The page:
A central tenet in modern economics is that crashes do not happen; we all know that they do . Therefore, the maxim should be restated as crashes are not supposed to happen according to the models we have. In fact modern economic theory be it the Efficient market Hypothesis or the Dynamic Stochastic General Equilibrium are woefully inadequate at explaining why bubbles and their subsequent busts occur. Reality does tend to undermine models. However, economists shouldn’t feel too bad modern medicine used to be the preserve of bad humors and bleeding by leeching and astrophysics was captive to geocentrism. Eventually they saw the error of their ways and moved on, so there may be some hope afterall.
One of the interesting culture changes that have occurred in markets over the past two decades has been the migration of physicists and mathematician into the arena. They bring with them some interesting ideas, powerful mathematical toolboxes and a knack for looking at data and problems that has not been polluted by typical economic thinking. In line with this I have I have been wading through this paper of recent days – Stopping Financial Avalanches By Random Trading and it looks not so much at the causes of crashes but rather what can be done to ameliorate them as they are unfolding. Interestingly, they drew from geophysics in attempt to generate strategies to break the feedback cycle that occurs in crashes. They took the somewhat elegantly named Olami-Feder-Christensen model that has been used to describe the dynamics of earthquakes and applied it to catastrophic events in markets.
Traditionally when markets become bumpy regulators opt to try and create circuit breakers. Either by closing markets or by constraining trading in certain ways such as banning short selling. We all saw how dazzlingly ineffective these strategies where during the GFC where banning short selling increased market volatility.
What this new approach proposes is to insert noise into markets. To understand what the researchers are trying to do its necessary to understand two key notions. The first is herding – markets are simple herds (investors) and these investors are responding to information be it price or actual news. It is this information flow that is the key point – markets are simply means for distributing information across networks. Booms and busts can therefore be thought as information cascades between members of the herd (the market).
To test this idea the researchers build a small-scale model to represent the market and this market had a network of investors. The participants then took either a bullish or bearish stance following the S&P500. Into this mix of traders taking a stance they introduced traders who took a random position – in effect they introduced noise into the system. The theory being that this noise in effect disrupts the information flow between investors and breaks the cycle of the cascade.
I found the best way to think about this way to imagine that you are running and begin to stumble. In the absence of external information it is likely that you would land flat on your face. However, imagine that as you stumble you randomly bump into something that stabilises you. In effect a random piece of information – what you bumped into has stabilised your path and you didn’t crash.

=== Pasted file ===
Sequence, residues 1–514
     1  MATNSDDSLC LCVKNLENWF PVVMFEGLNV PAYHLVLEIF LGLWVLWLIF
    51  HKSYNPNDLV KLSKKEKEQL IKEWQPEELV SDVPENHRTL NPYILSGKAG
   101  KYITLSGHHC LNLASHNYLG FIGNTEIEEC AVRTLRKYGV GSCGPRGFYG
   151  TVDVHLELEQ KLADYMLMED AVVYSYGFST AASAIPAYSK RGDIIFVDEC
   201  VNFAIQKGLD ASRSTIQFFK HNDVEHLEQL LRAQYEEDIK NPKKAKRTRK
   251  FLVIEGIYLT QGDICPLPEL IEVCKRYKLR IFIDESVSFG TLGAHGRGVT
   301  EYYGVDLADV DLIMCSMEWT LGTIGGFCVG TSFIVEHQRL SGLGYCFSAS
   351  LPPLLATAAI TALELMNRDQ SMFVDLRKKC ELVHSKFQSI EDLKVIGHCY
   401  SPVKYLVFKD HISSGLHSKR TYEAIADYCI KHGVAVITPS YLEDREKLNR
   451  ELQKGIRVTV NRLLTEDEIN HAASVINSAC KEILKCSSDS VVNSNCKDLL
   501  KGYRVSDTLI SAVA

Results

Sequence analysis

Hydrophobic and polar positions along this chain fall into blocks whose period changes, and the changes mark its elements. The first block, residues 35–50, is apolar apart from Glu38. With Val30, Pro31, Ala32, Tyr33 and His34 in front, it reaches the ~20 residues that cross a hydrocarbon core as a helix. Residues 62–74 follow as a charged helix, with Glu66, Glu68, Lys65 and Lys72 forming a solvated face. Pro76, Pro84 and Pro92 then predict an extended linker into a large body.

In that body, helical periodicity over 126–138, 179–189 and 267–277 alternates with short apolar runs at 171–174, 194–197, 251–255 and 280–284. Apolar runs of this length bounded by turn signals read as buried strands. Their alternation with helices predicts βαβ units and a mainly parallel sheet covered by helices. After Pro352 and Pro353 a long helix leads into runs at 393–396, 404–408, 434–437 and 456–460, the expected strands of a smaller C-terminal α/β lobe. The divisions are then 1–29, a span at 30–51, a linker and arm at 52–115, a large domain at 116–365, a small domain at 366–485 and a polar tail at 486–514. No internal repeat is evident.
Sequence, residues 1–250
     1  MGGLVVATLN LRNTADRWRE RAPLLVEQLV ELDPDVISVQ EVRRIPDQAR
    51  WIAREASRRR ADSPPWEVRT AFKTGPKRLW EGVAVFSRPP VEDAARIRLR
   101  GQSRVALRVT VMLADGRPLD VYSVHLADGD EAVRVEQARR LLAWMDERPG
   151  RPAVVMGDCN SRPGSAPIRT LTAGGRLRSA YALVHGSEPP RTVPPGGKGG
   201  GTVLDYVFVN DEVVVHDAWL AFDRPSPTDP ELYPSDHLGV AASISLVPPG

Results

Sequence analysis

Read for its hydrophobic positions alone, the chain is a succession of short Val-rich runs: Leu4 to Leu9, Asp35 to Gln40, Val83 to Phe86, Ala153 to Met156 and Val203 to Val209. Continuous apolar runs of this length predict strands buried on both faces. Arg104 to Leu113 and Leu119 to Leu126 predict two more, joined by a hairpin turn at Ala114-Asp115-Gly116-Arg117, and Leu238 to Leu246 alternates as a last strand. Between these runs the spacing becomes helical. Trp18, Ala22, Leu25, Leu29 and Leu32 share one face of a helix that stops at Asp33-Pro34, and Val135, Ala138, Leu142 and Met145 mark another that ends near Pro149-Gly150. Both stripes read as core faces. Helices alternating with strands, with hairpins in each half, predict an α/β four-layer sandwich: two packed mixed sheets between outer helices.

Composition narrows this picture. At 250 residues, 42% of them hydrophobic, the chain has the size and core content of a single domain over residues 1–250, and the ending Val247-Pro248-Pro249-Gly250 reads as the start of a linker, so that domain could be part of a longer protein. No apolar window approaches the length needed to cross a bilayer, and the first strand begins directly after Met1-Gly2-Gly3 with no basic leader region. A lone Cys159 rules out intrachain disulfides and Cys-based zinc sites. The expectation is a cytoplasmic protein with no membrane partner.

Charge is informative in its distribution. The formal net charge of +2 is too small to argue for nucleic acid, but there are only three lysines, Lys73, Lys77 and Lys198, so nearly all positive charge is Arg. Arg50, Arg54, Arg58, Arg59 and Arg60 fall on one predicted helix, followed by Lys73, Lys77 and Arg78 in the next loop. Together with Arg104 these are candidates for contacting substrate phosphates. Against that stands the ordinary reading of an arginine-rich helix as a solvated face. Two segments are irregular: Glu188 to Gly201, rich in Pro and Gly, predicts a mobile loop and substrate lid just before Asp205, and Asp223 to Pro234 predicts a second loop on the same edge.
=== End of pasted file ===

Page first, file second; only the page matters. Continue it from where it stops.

This is what the researchers found as well. Small bumps in the form of random strategies and activities tended to stabilise the system. You get a sense of this by looking at the graph below.
You can see that as more noise is introduced into the system the smaller the size of the quake. The other interesting thing they found was that the introduction of random trades did not seem to impact the overall wealth outcome of individual traders or the system. The question is what is the relevance of this for traders aside for being an interesting little experiment. I dont know the answer to that question but one of the things that intrigues me about traders is that they have very little interest in how markets may actually function. I understand that my background does lend me to sitting and poring over journal articles for days and never doing anything that is actually useful but the more of a sense you get of how markets function and your role in then this cannot help individual traders.
As for the role of such an idea in the wider scheme of things I will elave the conclusion to the authors of the paper. Although, I do think that they perhaps overstate the cognitive of ability of both politicians and regulators to move beyond simple hit everything with a hammer solutions.
Our paper supports the hypothesis  that introducing “noise” (i.e. random traders) in financial markets can destroy bubbles and crashes before they become large, and thereby avoid dangerous avalanches. By preventing extreme price variations, random investments also help to identify the equilibrium price . A small number of random investors (relative to the total number of agents) would be enough to have a beneficial effect on the financial market, particularly if distributed at random. Such investors could be central banks, but also large investors, including pension funds or hedge funds with an interest in reducing the risks of their investments. We are aware that further studies with more sophisticated and realistic models of financial markets should be performed to explore the full potentials and limitations of random in- vestment strategies. However, our results suggest that random investments will always reduce both the size and frequency of bubbles/crashes. Further research will be devoted to understand the most opportune timing for the introduction of such random investments and if this innovative policy instrument can enable a smooth control of financial market fragility.